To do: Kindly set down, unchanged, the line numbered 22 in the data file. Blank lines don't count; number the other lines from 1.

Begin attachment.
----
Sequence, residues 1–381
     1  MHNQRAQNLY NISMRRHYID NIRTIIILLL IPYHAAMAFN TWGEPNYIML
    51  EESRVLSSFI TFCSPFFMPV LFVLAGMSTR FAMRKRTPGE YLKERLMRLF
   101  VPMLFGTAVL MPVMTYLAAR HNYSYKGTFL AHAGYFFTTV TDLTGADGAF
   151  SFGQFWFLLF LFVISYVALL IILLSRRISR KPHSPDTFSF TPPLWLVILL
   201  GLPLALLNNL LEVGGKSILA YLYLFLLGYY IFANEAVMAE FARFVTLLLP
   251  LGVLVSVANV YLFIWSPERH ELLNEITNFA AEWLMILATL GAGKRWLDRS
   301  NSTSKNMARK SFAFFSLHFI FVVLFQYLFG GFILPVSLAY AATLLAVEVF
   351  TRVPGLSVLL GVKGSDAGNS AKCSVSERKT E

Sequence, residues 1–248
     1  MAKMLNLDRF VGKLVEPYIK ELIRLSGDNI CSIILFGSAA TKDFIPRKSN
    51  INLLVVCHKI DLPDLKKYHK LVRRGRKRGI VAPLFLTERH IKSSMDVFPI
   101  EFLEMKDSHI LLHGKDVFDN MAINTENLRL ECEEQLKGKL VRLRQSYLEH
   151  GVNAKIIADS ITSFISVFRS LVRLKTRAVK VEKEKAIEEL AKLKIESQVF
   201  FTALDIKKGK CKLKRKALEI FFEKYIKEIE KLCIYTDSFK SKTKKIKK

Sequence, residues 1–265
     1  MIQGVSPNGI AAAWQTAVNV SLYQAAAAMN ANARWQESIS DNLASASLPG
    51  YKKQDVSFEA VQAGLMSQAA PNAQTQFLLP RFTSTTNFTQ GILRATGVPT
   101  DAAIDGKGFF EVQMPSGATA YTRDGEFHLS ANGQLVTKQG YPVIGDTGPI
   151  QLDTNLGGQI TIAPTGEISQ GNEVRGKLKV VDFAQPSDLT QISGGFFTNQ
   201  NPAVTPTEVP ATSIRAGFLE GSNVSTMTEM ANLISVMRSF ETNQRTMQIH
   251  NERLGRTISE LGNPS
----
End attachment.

   251  NERLGRTISE LGNPS